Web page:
As It Happens

Theatre historian, 90, can't get U.S. mail since ISIS fighter used his name as an alias

David Mayer has had trouble travelling and receiving mail after a Chechen ISIS militant known as “Akhmed the One-armed” adopted his name.

David Mayer has had trouble travelling and receiving packages since a Chechen ISIS militant adopted his name

David Mayer is a retired professor of theatre history from the University of Manchester. (Akash Khadka/Submitted by David Mayer)

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David Mayer has had trouble travelling and receiving U.S. mail after a Chechen ISIS militant known as "Akhmed the One-armed" adopted his name as an alias.

That Mayer is a U.S. military veteran who is well-known in academic circles doesn't seem to make any difference.

Nor does the fact that the person who adopted his name, Akhmed Chatayev, was killed during a counter-terrorism operation in Georgia a year ago.

"For three years, I've lived with this problem of having mail disrupted, my research interfered with, for no reason other than that my name corresponds to an alias that the man was using," Mayer told As It Happens host Carol Off. 

Mayer said it all started when he tried to buy a vintage theatre poster on eBay, only to have it returned to the sender with a message from U.S. Customs stating that the "recipient name matches a denied party/entity that may not send or receive exports."

"I can only say I was baffled," he said. "I had no idea what was the cause of it, why I was unauthorized."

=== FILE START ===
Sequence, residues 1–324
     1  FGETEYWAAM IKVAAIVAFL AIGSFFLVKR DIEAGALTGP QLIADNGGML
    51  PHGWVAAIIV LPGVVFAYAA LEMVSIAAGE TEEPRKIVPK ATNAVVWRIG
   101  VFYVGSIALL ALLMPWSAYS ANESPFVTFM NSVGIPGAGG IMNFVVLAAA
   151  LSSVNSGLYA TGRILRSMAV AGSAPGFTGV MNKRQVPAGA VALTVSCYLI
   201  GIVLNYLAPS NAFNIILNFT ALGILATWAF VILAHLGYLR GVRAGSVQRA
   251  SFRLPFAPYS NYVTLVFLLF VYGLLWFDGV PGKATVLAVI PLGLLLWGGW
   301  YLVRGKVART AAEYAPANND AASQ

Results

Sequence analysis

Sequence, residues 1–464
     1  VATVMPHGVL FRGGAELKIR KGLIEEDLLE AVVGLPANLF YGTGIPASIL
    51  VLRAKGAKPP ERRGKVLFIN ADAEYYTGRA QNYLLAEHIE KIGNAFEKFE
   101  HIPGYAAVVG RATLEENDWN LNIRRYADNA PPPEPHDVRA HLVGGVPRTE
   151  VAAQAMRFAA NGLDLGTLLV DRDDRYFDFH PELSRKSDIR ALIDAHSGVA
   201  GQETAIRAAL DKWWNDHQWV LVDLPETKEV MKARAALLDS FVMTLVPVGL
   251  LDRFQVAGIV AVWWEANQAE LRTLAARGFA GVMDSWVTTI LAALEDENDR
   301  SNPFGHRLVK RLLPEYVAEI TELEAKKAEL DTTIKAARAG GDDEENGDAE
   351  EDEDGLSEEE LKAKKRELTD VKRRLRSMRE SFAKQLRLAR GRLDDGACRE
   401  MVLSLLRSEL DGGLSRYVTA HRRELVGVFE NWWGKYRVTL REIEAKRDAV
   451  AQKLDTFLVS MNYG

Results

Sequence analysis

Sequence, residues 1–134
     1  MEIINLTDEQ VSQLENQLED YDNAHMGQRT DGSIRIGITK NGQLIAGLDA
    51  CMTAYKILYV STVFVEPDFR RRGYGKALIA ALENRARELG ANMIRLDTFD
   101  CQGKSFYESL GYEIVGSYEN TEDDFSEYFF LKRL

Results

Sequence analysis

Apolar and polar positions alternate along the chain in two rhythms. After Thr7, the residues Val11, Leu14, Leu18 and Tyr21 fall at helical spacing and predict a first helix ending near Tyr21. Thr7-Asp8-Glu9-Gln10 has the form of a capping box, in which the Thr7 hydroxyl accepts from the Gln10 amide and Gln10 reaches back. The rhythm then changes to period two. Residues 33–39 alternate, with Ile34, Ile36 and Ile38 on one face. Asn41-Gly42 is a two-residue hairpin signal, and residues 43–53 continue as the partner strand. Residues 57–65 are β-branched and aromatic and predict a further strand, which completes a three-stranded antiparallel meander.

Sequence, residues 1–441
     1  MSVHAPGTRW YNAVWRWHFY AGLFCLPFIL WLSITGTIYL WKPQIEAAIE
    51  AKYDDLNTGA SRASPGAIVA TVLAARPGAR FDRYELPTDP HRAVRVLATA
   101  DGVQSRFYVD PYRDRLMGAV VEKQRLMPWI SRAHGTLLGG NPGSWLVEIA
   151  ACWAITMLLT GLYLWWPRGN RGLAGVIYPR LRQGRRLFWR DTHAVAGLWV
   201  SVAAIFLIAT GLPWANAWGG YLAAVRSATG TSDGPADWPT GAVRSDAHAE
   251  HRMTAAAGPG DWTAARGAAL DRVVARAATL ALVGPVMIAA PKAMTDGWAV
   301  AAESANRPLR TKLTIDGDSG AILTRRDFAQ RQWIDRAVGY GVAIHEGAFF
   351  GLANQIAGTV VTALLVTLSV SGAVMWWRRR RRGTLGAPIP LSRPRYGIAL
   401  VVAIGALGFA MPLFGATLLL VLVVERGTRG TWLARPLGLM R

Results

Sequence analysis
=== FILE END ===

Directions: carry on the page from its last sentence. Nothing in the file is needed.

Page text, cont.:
'That didn't solve anything'

Mayer's daughter's partner did some online sleuthing for him and discovered his name was among several aliases adopted by Chatayev, an ISIS militant believed to be responsible for the 2016 Istanbul airport attack, and whose name has been on a U.S. sanctions list since 2015.

"That didn't solve anything," he said. "It merely identified the problem."

In this frame grab taken from Rustavi2 footage dated 2012, Akhmed Chatayev speaks to the media in Tbilisi, Georgia. (Rustavi2/Associated Press)

Mayer said neither the U.S. Postal Service nor the U.S. embassy in London were able to help him. 

As It Happens has reached out to the U.S. Postal Service for comment. The U.S. embassy does not comment on individual cases due to privacy concerns, but told the Guardian that travellers who believe they've been unfairly profiled can apply to the Traveler Redress Inquiry Program.

'Being disallowed by your own country'

Mayer, meanwhile, continues to find himself up against red tape. 

Every piece of mail sent to him from the U.S. bounces back — except, he says, anything from the Internal Revenue Service.

During an recent trip to his home country, he says was initially barred from the flight until he produced his official U.S. military documents to prove his identify. 

"It's been this kind of continuous interference lending a strong element of unpredictability to my life," he said, noting he is a U.S. citizen who still votes in America. 

"It's the experience of being disallowed by your own country."

Losing hope

Mayer thought clearing his name would easy. After all, it's not hard to figure out who he is.

He has an established career as professor emeritus of drama at Manchester University. He's been married to the same British woman and living at the same address in England for four decades.

He says he's gone through several official channels to rectify the situation — including calling a lawyer, reaching out to his congressman and going through the U.S. embassy — all to no avail.

"I want to be optimistic about it," he said. "But I don't yet have the grounds to be."

Written by Sheena Goodyear. Produced by Ashkey Mak. 

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